ILNews

Court: Company must pay for suit

Jennifer Nelson
January 1, 2008
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The Indiana Court of Appeals has ordered a company that brought a frivolous lawsuit to pay for the attorney fees and other costs of the defending party.

In Natare Corporation v. Cardinal Accounts, Inc., 49A05-0704-CV-210, the Court of Appeals granted Natare's motion to tax costs regarding a suit against them brought by Cardinal Accounts. The trial court reinstated Cardinal's complaint, which sat in limbo for months because Cardinal made no action in the case. When Natare appealed the complaint, the Court of Appeals tossed it out, citing Cardinal's lack of any attempt to establish it had a meritorious claim and that the company's multiple unexplained delays didn't constitute exceptional circumstances.

Chief Judge John Baker wrote that Natare should be reimbursed by Cardinal pursuant to Indiana Appellate Rule 67 the costs of the filing fee, transcript preparation, appendix production, and postage, for a total of $333.68.

The appellate court also granted Natare's attorney fees for the appeal be paid for by Cardinal because Cardinal's suit was clearly frivolous.

"Natare was forced to appeal the erroneous result of the frivolous litigation and should not have to bear the financial burden of its attorneys' services during the appellate process," wrote Chief Judge Baker.

The appellate court remands the issue to the trial court to determine the amount of attorney fees owed to Natare, as well as to order Cardinal to pay Natare's costs in the amount of $333.68.
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  3. The practitioners and judges who hail E-filing as the Saviour of the West need to contain their respective excitements. E-filing is federal court requires the practitioner to cram his motion practice into pigeonholes created by IT people. Compound motions or those seeking alternative relief are effectively barred, unless the practitioner wants to receive a tart note from some functionary admonishing about the "problem". E-filing is just another method by which courts and judges transfer their burden to practitioners, who are the really the only powerless components of the system. Of COURSE it is easier for the court to require all of its imput to conform to certain formats, but this imposition does NOT improve the quality of the practice of law and does NOT improve the ability of the practitioner to advocate for his client or to fashion pleadings that exactly conform to his client's best interests. And we should be very wary of the disingenuous pablum about the costs. The courts will find a way to stick it to the practitioner. Lake County is a VERY good example of this rapaciousness. Any one who does not believe this is invited to review the various special fees that system imposes upon practitioners- as practitioners- and upon each case ON TOP of the court costs normal in every case manually filed. Jurisprudence according to Aldous Huxley.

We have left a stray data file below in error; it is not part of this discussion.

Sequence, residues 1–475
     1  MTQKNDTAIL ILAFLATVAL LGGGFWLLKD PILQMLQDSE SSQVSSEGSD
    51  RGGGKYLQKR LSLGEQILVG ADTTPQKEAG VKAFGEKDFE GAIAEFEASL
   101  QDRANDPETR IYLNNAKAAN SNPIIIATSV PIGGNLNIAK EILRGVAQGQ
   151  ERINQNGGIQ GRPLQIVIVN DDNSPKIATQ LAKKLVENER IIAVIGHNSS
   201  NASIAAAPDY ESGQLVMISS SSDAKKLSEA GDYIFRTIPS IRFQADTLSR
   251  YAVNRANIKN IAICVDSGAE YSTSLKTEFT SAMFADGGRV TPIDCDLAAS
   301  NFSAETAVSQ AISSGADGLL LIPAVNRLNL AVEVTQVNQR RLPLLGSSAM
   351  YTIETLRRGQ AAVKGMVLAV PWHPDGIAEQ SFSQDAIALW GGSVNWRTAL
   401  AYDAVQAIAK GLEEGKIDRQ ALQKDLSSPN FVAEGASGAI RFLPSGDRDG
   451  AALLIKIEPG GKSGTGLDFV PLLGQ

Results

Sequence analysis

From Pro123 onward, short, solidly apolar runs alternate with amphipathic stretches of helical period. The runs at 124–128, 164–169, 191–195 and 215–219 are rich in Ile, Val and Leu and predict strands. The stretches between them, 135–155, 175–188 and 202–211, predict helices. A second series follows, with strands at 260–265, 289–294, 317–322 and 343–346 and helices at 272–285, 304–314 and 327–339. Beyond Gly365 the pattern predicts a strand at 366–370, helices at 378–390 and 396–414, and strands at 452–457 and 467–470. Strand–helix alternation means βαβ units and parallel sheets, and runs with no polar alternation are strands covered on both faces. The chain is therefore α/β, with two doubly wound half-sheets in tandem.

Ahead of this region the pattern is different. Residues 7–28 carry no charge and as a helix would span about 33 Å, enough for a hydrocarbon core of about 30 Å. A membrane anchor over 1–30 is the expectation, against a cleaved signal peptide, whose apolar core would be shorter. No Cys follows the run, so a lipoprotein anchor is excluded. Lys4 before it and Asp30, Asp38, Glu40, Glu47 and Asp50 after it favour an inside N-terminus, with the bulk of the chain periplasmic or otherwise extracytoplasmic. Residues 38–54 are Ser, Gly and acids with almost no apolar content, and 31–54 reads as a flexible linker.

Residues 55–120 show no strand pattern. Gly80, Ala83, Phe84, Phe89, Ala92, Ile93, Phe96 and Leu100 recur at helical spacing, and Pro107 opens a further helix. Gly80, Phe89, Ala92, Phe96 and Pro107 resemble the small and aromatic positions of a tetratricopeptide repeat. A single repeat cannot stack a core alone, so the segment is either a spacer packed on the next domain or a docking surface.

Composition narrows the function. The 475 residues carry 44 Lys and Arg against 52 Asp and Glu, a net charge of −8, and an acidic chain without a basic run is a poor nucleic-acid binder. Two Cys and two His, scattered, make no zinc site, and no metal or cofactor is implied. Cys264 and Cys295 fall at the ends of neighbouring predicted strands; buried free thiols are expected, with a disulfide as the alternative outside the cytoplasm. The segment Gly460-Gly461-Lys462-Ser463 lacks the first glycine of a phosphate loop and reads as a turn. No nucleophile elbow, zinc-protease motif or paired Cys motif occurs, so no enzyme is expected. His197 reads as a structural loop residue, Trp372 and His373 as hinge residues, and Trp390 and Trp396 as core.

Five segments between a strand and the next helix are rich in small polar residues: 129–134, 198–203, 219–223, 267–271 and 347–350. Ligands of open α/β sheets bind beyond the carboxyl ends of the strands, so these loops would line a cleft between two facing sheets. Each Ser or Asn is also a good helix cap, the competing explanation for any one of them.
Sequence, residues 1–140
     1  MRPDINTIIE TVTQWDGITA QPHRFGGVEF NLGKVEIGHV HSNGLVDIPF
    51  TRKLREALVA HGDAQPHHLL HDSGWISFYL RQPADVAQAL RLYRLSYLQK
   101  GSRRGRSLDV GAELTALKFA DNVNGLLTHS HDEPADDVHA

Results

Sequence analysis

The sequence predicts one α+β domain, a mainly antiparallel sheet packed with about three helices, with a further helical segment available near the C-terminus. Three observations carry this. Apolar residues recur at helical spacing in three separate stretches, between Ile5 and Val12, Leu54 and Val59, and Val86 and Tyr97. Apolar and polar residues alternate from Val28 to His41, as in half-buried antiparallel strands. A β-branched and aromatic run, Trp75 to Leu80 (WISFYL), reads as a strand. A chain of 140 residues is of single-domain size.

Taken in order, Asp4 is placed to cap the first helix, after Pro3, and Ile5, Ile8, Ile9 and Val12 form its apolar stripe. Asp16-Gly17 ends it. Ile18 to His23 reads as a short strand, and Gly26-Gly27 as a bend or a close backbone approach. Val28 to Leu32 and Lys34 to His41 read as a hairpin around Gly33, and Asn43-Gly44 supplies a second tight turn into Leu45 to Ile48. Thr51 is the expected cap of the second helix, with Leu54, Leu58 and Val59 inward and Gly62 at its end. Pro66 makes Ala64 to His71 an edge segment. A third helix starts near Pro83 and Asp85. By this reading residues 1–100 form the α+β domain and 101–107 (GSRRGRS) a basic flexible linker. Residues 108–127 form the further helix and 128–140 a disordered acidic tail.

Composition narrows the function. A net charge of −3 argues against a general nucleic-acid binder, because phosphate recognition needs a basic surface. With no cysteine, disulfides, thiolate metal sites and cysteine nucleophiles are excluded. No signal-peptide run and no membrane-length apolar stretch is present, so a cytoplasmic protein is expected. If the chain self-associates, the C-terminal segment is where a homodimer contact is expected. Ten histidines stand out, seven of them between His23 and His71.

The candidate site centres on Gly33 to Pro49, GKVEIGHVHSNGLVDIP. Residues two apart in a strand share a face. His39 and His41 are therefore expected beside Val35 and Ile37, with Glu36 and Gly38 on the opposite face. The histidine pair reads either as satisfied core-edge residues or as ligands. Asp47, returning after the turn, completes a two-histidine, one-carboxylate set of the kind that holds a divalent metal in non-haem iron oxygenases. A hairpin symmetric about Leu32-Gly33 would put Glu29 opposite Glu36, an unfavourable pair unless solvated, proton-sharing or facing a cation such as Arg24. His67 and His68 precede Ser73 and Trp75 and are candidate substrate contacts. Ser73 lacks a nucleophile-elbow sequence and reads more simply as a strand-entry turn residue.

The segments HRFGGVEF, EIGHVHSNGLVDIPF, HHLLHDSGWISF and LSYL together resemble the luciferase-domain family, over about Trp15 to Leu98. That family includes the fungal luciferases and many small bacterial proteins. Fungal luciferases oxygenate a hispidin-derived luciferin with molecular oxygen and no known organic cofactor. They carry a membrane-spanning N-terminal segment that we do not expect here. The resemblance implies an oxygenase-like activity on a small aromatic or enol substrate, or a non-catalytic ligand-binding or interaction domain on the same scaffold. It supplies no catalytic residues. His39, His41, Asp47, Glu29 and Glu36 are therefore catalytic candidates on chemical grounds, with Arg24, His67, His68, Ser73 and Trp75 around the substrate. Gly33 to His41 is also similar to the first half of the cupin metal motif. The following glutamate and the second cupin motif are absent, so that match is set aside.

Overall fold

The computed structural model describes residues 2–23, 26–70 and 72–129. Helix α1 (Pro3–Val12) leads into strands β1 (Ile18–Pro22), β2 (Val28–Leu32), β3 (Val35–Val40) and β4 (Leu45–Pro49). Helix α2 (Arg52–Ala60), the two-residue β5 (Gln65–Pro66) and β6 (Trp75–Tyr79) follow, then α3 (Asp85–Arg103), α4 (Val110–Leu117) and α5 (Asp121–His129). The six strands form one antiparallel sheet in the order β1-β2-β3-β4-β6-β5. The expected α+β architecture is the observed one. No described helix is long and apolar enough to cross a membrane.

4. Any attorneys who practice in federal court should be able to say the same as I can ... efiling is great. I have been doing it in fed court since it started way back. Pacer has its drawbacks, but the ability to hit an e-docket and pull up anything and everything onscreen is a huge plus for a litigator, eps the sole practitioner, who lacks a filing clerk and the paralegal support of large firms. Were I an Indiana attorney I would welcome this great step forward.

  5. Can we get full disclosure on lobbyist's payments to legislatures such as Mr Buck? AS long as there are idiots that are disrespectful of neighbors and intent on shooting fireworks every night, some kind of regulations are needed.

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